The false illusion of converging returns over time

Years ago, a well-known American investment company conducted a study which attempted to explain how returns of long-term financial investments, over the years, converge towards the mean.

The period of time examined was 1972-2001, thirty years spanning across the best moment to invest in 1972 vs. investing in the worst moment of 1972, at the beginning of the year vs at the end of the year. According to the study, timing led to negligible differences in average annual yield (if I remember correctly, yields were between 15.1% and 15.7%, different times for the financial markets).

Outside of the fact that a difference of 0.6% per year for thirty years is a lot of money, the thing that made me most furious, and you’d think they’d have done the study with at least a crumb of intellectual honesty, was that in 1974, two years after the starting period of review, the stock markets lost 50% of their value, creating a huge opportunity for investors, which would have allowed them to realize very different long-term returns.

In the above graph, which I admit is not very intuitive (but worth making a small effort to understand), the red line (right scale) represents the percentage of gains that would have been made by investing from that date (x-axis) to today. Those who invested in the best month of 1972, today would have gained 1720%, while the luckiest of 1974, today would have gained 2825%. An abysmal difference considering the average annual return of the former was 7% against 8.9% annual average of those who invested in 1974.

After some much-needed checking, I realized the study wasn’t wrong in declaring that returns over the long-term tend towards the mean, and that the more time passes, the more the average annual return difference thins out (blue and red lines). What actually diverges is the capital available to the investor (green and purple lines), which is what matters most.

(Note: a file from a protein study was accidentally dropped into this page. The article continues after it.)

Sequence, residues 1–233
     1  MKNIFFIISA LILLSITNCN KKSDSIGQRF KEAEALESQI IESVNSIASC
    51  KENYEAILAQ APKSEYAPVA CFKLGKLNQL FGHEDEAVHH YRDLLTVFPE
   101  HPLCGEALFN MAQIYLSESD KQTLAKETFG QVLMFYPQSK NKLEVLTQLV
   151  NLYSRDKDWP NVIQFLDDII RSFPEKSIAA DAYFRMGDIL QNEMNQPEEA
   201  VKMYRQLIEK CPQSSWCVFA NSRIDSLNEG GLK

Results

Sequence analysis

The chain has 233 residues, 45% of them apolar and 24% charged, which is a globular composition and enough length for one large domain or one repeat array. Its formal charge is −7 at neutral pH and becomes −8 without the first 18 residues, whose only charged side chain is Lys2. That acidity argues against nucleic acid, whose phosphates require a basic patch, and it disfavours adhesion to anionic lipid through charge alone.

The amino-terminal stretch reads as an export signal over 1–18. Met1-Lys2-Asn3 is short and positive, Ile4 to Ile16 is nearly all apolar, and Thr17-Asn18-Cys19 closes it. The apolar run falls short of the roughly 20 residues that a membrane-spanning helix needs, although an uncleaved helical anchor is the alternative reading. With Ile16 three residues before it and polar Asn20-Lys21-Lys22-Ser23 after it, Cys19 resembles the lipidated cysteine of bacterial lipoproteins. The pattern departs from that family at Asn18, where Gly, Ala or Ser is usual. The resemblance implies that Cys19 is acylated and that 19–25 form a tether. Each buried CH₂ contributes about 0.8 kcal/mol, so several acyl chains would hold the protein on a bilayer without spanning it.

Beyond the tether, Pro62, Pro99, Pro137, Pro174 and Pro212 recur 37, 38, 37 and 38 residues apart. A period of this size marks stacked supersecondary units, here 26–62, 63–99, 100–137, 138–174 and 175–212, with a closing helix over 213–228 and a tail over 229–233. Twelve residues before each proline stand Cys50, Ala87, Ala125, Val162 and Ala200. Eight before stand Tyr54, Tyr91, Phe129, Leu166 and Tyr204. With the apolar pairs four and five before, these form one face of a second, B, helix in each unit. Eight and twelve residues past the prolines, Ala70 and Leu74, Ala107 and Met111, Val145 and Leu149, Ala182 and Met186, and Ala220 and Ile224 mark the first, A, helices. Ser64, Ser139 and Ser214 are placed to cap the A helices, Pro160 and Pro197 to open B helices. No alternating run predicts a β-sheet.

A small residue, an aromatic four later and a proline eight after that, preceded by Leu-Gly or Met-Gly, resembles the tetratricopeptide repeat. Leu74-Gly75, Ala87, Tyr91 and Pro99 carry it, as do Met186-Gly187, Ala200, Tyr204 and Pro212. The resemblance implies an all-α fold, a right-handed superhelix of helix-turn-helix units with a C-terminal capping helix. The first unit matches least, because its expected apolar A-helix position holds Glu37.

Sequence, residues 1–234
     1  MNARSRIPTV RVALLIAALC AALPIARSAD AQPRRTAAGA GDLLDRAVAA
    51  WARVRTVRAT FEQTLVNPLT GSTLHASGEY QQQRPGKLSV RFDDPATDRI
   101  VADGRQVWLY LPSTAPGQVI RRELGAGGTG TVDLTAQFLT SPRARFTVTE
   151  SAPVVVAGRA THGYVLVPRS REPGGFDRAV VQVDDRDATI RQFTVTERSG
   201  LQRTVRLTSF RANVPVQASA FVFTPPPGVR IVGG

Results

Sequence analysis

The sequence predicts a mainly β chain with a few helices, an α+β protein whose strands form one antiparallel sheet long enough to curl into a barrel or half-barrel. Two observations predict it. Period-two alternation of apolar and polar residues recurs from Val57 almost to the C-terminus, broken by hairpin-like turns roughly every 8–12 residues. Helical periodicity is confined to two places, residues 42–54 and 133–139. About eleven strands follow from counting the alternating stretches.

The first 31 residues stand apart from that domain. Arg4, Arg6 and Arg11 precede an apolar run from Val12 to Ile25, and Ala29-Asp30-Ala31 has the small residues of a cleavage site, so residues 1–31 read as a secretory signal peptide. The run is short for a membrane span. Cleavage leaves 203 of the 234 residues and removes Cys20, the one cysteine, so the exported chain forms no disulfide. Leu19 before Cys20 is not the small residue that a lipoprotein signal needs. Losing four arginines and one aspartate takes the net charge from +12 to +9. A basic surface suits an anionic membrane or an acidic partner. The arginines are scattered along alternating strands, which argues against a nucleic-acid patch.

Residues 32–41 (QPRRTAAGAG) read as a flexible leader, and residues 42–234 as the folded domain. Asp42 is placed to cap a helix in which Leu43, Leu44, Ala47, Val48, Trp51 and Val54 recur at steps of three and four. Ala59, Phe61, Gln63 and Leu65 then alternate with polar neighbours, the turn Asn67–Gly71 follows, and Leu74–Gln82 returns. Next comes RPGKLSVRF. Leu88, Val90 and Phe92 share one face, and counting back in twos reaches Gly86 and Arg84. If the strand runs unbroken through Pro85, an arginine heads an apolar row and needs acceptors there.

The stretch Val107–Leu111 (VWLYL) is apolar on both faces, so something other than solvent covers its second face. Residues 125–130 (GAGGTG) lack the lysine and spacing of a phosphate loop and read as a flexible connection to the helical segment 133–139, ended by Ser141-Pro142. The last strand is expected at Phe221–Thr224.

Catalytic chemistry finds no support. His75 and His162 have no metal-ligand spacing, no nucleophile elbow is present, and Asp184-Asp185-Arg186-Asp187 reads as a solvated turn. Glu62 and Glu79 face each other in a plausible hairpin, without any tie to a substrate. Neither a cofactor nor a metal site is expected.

Provocatively, at the beginning of my e-book, I placed a graph that represents two hypothetical investors: an unlucky one investing for one year where the market loses 50% of its value, and a lucky one investing the following year, who doesn’t lose 50%. Ultimately, they are investing in the same market so future returns are the same, therefore the trend over time is the same.

Too bad the graph is on a logarithmic scale, because if we placed the graph on a normal scale, things would change. Year by year as the difference in returns narrows, the difference between capital available always tends to increase: this is why timing is and being able to maintain losses within certain limits are essential for not thwarting any future opportunities.

All of this is to introduce a topic we will face later, that is, is there such a thing as a best time to invest? And if so, how can we intercept it to avoid very expensive mistakes?

I invite you to subscribe to this blog so you don’t miss out on the next posts. The window of time for investing is a topic that will change your way of approaching financial markets, it promises to establish a new paradigm in the world of asset management.